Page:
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Tessa Russell

Title: You ripped out my mother tongue
Year: 2018
Length: 04:38
Credits: Tessa Williams
The work is of my mother’s journey without Te Reo Māori and it’s purpose is to raise awareness of the intergenerational trauma language loss can cause. It’s probably the most important piece of mahi I have ever put together in my life, because it’s not just her story. It’s my nanny’s, it’s mine, it’s my daughter’s, it’s New Zealand’s. This is OUR country’s history, this is OUR country’s language, so this is all of OUR responsibility to save it.
Thematic tags: Decoloniality, family, history, indigenous methodologies.

Tessa Russell’s practice is predominantly in photography and video. She utilizes her art to explore issues that affect her whānau, hapu, iwi, and community. Proud of both her Māori and Scottish ancestral lines, she understands the importance of adding her voice to conversations as an indigenous wahine and māmā.

www.moemoeacollective.com


Laura Duffy

Title: Garden of Purity
Year: 2018
Length: Various
Format: Digital video
Garden of Purity considers how we read and ingest imagery, drawing links through history from art history to advertising. Duffy sees the works as being a layered conversation about Catholicism, advertising, abjection, and queerness. She uses edible materials as a starting point for the series of digitally manipulated photographs in the light boxes and online video works. The series intends to prompt questions about traditional notions of beauty and divinity by blurring the lines between repulsion and desire. 
Thematic tags: Performance, narrative, body, abstraction, new media, technology, sound, spirituality, indigenous methodologies.

Laura Duffy’s photographic and video works explore the objectification of the feminine body. Using food as a sculptural material, she draws on gestural techniques found within the world of modern advertising including dripping, dropping, pouring and slow motion. With reference to art historical still life, the work asserts positive identification of women and femmes as subject over object as well as exposing the abject treatment of the feminine image throughout history.

https://www.circuit.org.nz/artist/laura-duffy


Emily Parr

Title: Te Aroha
Year: 2017
Length: 04:45
Format: HD video
Credits:
During the occupation* of Niki’s house, weekly waiata** nights have been held to foster whanaungatanga***. The collective voices can be heard along Taniwha Street on a Thursday evening, travelling easily because of the empty spaces. The redevelopment is physically dismantling Glen Innes, through the removal of houses by truck or demolition (in this video, 69 Taniwha Street). But in their place stands a different form of community – one that is growing ever stronger. On the day of filming (23/03), Niki had again been under a direct threat of eviction. She closed Waiata Club with this: “This has been the hardest day of these last six years. But we’re still here. And we’re still singing.”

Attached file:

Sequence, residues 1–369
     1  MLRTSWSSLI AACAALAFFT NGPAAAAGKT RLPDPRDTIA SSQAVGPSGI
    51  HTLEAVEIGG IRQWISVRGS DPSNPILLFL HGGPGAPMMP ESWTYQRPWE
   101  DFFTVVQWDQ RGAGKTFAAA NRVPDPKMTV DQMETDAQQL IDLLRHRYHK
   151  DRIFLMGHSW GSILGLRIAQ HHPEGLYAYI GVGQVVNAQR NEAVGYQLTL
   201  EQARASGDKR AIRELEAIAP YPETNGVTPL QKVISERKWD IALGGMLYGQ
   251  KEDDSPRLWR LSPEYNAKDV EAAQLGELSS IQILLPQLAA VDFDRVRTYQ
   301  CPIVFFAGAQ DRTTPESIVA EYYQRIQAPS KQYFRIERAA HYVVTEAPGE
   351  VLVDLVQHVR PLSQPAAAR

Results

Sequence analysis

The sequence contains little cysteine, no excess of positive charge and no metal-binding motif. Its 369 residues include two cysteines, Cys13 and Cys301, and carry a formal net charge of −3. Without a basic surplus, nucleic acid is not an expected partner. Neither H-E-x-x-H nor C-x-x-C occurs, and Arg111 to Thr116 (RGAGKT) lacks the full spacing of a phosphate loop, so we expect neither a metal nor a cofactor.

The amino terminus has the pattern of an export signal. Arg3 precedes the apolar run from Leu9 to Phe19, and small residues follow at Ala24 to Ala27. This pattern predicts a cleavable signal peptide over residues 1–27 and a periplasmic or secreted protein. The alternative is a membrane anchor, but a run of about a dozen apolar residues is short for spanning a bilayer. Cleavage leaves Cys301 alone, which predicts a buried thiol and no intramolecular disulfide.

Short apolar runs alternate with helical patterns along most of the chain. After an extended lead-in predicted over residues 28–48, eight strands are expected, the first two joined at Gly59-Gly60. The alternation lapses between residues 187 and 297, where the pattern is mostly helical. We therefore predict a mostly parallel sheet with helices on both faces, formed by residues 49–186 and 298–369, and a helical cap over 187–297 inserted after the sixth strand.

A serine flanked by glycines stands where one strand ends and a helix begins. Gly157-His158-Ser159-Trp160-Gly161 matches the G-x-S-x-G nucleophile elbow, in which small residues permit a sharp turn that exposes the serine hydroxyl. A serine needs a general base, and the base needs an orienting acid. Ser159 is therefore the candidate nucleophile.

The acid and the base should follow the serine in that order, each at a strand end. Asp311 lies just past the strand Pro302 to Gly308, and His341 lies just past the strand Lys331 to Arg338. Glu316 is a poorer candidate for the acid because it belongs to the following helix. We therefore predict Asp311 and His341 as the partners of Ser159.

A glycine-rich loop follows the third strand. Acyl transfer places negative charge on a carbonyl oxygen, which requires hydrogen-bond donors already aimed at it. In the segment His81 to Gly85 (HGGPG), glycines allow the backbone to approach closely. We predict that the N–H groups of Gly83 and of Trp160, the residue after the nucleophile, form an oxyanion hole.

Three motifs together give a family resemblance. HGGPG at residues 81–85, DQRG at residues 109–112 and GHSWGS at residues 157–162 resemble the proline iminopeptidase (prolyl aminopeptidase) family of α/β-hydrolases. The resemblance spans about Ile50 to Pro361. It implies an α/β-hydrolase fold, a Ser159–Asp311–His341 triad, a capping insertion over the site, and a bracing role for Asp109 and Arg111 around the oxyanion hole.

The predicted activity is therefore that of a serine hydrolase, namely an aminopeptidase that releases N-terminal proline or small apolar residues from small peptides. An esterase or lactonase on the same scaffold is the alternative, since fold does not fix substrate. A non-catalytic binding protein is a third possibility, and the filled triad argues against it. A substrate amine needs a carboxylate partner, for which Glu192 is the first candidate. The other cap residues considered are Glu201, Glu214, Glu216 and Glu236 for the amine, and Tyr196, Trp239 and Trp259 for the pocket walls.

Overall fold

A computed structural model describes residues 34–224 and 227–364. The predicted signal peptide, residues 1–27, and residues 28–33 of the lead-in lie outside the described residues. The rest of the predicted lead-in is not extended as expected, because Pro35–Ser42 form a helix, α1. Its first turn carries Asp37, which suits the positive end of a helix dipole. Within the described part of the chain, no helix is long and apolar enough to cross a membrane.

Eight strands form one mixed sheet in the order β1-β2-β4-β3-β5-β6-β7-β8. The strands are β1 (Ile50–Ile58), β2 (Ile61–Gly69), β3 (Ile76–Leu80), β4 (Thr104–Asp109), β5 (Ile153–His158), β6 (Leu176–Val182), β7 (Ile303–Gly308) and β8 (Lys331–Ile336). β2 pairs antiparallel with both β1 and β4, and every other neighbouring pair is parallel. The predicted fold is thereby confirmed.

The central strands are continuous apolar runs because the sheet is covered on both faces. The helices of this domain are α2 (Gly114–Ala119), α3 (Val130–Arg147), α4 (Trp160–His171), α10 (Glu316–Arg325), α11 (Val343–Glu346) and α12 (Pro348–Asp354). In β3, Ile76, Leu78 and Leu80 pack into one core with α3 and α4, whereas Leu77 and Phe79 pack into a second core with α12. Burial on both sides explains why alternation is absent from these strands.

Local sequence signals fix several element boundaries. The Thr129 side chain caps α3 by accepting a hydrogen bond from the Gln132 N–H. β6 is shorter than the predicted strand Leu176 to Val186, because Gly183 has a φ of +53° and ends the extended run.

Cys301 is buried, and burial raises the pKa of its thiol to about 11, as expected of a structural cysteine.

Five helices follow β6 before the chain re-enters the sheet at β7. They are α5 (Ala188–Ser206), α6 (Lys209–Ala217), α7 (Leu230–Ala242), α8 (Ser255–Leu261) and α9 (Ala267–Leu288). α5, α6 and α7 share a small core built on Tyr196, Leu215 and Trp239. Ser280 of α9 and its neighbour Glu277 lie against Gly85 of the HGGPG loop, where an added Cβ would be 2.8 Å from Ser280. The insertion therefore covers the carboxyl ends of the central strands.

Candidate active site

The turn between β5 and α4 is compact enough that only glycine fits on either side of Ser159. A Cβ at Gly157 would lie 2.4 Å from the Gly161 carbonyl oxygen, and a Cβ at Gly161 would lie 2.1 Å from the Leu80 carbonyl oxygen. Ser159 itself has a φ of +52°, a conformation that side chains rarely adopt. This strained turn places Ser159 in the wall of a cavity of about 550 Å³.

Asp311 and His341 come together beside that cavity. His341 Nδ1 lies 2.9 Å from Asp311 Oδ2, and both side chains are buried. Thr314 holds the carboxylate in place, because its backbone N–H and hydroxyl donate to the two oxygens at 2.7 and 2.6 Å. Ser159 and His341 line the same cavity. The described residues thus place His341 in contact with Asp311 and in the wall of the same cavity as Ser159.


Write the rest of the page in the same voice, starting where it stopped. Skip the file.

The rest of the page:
Ngā mihi Tāmaki Housing Group & Waiata Club.
facebook.com/thishomeisoccupied
** song
*** kinship, a relationship of shared experiences through working together that creates a sense of belonging
Thematic tags: documentary, capitalism, politics, decoloniality, sound, spirituality, indigenous methodologies, housing (Te Aroha)

Title: Te Wai Mokoia
Year: 2016
Length: 17:30
Format: HD video
Credits:
Te Wai Mokoia was the winner of Uxbridge’s 10th Estuary Art Awards. It is a unique single edition belonging to the Auckland Council.

This work considers ecology not only in relation to biology, but in relation to a wider understanding of ecology – that of the relationships between people, their whenua, and social and political frameworks. It is centred on a specific ecology, presented through a kōrero between a kuia and her whāngai daughter, both long term residents of Glen Innes. The health of Te Wai Mokoia cannot be separated from its people, a community that is fighting to stay in their homes. 

Tāmaki is currently undergoing “regeneration”, a process through which thousands of state housing tenants are being affected. Many residents are refusing to be moved away from their homes – a collective resistance that is taking a huge toll on the community’s hauora. Our people are made vulnerable by a colonial capitalist state, and our safety nets are being removed through governmental policy.

The work considers all that extends from a house – childhood memories, the garden we bury in and grow from, and the environment surrounding it. For residents of Glen Innes, the estuary is a site of resource gathering, of learning and exploration, and a place to foster interconnectedness with nature. Te Wai Mokoia flows through this community as wairua tapu.
Thematic tags: documentary, capitalism, politics, decoloniality, environment/ecology, landscape sound, spirituality, indigenous methodologies, housing (Te Wai Mokoia)

Emily Parr (Ngāi Te Rangi, Moana, Pākehā) is a Tāmaki Makaurau based artist. Her current research (toward a Master of Visual Arts) is on settler-indigenous relationships of Te Moananui a Kiwa, and is anchored by those she descends from. Her moving-image practice weaves through time and space, seeking stories in archives, waters, and on haerenga to ancestral homelands. She is also a member of Accompany, an artists’ collective who walk and work alongside community organisations and social movements. Parr was the recipient of the 2019 Iris Fisher Scholarship and 2016 Tāmaki Estuary Art Award.

http://www.cargocollective.com/emilyparr


Moving Image Archive is a RM Gallery and Project Space project
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